He had his original awakening when he heard a monk reciting: “arouse the mind without resting it on anything.” Before this, he had had no Zen training. The 5th Patriarch made him the 6th Patriarch, but told him not to start teaching for another fifteen years – this was to give his awakening time to maturate as he had done no work previously. Most people do this work, as you are doing, previous to awakening. After this maturing process, Hui Neng came back to the monastery and started teaching. He himself did not hand on the robe and bowl.

Hui Neng said, “Nowhere is there anything true.” One does not look into the world for truth. “Do not try to see the truth in any way.” Hunting after the true word, the secret word, the last word is pointless. Everyone has the truth. He says “If you try to see the truth, your seeing will in no way be true.” There is nowhere to go, there is nothing to get – the recognition of this is the beginning of practice.

One sees the pain, the arrogance, the shame – all that goes on in the mind – and one allows it to be. One does not judge it or disturb it, one does not try to change it or get rid of it. One sees that this too is life, this too is it. By being one with whatever is, one separates from it, one discerns one is not it. Whatever it is, loses its acrid poison.

“Distinguishing well the forms of the various dharmas” – in other words, being well established in the world, in everyday mind – “remain firm within the first principle.” It is possible to remain firm because one is the first principle. But if we vacillate, there is no possibility for us to establish any kind of reality for ourselves. We must recognize our own worth before we can find anything of value. Yasutani used to say that the only sin in Buddhism is to hate oneself. Forgive yourself, and then be yourself. Become aware of the worth of being, this is the function of true reality.

“Don’t cling to the belief in birth and death.” In other words, do not cling to the conviction I am something, something that was born, something that will die. “Don’t think this is good, this is bad. Now, where is the original self?”

You describe it in vein;
You picture it to no avail.
Praising it is useless;
Stop trying to grasp it.
There is nowhere to hide your true self;
When the universe is destroyed
It is not destroyed.

What is your face before your parents were born?











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Beyond any movement of the mind teisho 1005/ 2005

In this teisho Albert was talking about the four noble truths of Buddha, the first one being that life is suffering, and he said it is only by seeing this thoroughly that we are going to really question, which is the essence of the work that needs to be done. He pointed out that hearing of someone suffering and about to die in Toronto, brings home to some people that life is suffering. With another person it takes someone suffering nearer to home, say in Montreal, to start them questioning. But with most people it takes a loved one suffering and dying, to make them get down to it. Perhaps in dying Albert gave us the final help we needed to do the work he urged us towards in his teishos and dokusans. So instead of looking on his death as the end, we should look on it as the beginning of work. People say, he is no longer here, how will I be able to carry on with the work. Everything that can be said he said over the years and it is all recorded; all it needs now is our side of it, our application. Perhaps it is not a question of carrying on with the work but starting it. ‘No one can purify another.’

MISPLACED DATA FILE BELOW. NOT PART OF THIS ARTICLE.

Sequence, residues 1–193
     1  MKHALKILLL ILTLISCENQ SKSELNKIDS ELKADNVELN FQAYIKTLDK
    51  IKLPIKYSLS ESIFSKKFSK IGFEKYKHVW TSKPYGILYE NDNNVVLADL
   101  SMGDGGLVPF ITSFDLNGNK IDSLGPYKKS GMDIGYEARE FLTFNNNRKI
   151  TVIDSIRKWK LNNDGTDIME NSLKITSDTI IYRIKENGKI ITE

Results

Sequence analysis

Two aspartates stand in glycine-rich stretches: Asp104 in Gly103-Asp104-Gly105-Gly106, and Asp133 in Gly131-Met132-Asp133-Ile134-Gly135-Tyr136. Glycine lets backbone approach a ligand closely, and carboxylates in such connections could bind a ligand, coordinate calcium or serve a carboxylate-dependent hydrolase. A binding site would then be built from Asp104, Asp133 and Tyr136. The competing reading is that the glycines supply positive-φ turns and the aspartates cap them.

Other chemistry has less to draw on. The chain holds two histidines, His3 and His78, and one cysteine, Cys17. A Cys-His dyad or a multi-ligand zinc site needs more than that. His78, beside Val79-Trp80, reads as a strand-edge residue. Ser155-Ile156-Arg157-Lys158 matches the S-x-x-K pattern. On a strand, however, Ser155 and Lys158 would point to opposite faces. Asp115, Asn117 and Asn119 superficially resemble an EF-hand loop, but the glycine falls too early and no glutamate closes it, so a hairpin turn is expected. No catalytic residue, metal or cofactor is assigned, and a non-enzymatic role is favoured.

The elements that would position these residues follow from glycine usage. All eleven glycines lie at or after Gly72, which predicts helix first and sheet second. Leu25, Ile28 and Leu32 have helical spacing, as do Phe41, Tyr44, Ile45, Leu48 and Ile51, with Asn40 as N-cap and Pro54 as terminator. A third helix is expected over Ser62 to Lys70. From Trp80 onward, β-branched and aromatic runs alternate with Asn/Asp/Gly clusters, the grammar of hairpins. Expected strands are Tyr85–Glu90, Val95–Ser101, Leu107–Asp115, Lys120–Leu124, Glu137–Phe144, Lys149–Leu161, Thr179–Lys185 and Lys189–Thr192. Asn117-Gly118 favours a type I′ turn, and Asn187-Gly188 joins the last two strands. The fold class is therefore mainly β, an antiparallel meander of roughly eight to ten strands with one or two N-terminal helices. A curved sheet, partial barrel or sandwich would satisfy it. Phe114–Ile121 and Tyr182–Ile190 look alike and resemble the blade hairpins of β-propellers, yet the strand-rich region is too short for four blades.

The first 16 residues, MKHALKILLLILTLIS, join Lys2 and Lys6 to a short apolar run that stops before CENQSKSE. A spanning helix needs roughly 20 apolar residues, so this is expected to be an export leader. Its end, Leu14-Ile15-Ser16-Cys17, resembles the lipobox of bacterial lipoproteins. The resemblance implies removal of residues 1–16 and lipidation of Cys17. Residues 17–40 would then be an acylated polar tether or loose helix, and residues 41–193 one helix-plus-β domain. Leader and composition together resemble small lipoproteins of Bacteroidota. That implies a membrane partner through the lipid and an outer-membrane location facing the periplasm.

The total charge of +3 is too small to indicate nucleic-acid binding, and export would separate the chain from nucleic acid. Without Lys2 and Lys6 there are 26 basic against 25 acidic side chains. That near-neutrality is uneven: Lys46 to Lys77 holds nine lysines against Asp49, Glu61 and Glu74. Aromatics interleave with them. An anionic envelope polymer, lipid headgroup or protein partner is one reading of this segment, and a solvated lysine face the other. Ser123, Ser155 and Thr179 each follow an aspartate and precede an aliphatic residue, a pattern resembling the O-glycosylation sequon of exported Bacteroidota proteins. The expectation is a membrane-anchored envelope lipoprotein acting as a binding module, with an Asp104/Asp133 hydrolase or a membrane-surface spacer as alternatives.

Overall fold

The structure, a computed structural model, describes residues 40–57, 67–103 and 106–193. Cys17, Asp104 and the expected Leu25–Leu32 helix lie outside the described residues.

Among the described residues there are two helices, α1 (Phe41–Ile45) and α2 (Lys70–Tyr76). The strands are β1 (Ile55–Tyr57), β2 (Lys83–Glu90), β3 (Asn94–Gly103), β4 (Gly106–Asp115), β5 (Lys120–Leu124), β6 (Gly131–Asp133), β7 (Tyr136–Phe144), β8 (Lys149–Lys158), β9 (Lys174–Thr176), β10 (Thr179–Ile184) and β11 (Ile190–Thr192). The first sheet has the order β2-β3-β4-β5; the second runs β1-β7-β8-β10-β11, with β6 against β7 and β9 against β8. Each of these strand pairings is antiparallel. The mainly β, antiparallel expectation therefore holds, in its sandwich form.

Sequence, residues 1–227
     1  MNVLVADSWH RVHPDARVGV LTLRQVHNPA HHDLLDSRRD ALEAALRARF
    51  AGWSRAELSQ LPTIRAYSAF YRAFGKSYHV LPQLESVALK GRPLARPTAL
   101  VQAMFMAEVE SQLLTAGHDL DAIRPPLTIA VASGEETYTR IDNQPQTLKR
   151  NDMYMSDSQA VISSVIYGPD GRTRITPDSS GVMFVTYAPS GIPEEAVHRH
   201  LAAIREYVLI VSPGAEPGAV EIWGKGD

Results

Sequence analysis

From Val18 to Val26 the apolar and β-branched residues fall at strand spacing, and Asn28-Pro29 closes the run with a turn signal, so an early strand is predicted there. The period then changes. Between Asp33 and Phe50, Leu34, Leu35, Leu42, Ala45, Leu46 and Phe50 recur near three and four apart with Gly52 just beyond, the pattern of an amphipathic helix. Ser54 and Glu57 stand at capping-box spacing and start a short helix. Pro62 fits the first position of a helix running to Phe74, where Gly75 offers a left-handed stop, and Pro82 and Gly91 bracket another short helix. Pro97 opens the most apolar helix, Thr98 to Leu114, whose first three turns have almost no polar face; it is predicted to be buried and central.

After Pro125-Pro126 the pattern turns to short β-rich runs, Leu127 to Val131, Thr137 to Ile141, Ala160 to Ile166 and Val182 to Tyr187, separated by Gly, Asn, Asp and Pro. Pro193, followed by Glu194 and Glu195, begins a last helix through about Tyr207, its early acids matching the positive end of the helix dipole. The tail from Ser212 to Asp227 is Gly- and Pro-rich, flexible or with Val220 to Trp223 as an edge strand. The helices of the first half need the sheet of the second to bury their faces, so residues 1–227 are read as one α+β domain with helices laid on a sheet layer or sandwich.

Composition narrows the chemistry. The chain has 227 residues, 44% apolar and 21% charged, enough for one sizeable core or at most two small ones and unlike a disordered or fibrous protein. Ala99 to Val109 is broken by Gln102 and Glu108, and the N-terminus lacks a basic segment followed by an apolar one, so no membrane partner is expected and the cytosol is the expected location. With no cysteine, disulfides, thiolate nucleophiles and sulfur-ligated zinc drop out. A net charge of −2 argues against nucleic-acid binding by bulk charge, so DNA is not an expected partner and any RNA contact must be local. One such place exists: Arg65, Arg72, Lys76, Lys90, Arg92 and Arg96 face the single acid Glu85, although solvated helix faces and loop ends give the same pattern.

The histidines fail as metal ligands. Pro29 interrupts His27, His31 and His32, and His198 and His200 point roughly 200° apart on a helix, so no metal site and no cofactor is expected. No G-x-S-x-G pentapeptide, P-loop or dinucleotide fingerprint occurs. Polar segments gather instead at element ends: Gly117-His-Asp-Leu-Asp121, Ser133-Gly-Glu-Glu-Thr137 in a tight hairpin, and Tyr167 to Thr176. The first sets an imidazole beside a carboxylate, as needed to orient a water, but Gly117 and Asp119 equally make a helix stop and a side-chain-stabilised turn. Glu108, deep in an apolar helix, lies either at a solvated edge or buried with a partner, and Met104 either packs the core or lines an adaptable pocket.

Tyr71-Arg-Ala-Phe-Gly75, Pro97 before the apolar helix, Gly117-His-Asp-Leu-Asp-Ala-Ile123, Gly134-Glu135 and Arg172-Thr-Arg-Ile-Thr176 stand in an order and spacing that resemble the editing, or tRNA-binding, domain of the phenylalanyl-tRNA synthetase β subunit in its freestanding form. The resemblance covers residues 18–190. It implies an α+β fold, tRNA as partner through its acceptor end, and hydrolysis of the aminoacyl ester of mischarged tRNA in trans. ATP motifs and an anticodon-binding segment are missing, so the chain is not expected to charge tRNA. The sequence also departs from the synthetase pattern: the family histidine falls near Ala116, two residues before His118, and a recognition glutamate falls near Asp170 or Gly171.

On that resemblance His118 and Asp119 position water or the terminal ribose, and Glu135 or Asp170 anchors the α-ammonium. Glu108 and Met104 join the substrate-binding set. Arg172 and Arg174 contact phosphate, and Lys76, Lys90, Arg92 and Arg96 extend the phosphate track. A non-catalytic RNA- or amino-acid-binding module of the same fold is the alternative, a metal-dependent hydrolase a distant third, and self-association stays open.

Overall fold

The teisho was on the koan ‘a non Buddhist questions the Buddha.’ The non-Buddhist
says to Buddha that he doesn’t want words and he doesn’t want silence. This is all he says;
where is the question? what is the question? This is the essence: finding the question. It
is no good taking a question like ‘what is Mu?’ or ‘who am I?’ and reiterating it. These
questions are of no use unless we make them our own, unless they come out as a deep groan –beyond words and beyond silence. Unless they come out of our own perception of the truth that life is suffering.

Most of us cannot do what Buddha did, seeking out places that roused in him the fear
of death and a feeling of panic and horror, doing this again and again. Rather we do just
the opposite, shut our eyes, our ears at the slightest hint – turn on the television, get
out the iPhone, look up emails or Facebook, whatever distraction that we can grab at.

Buddha roused the fear in order to face it and deal with it. As long as we are running away
from fear we are running away from life. It says in the teisho that it is not a question of
steeling oneself, of fighting it, but rather of addressing it in a condition of humility. Thy
will be done. Facing this fear when it arises with an attitude of contrition in the heart, one
allows the fear to just be there. He adds that it is not an easy thing to do, but until we do
it we are not doing the work we want to do.

Buddha said, we need to think the unthinkable. The question, ‘Who am I?’, the question “Mu?”, is unthinkable. But it takes a long time working with these questions for this to finally come home to us. So many people, hearing that it is unthinkable, think that all they have to do is just sit passively and wait for the truth to appear; this of course is dead void sitting and it stultifies the mind. But Buddha says that his doctrine implies thinking of that which is beyond thought – arousing the mind without resting it on anything: without images, ideas concepts or words; but nevertheless there is thinking, the mind is active, but not in an agitated way; there is no grasping, the mind is simply open. One goes beyond any movement of the mind.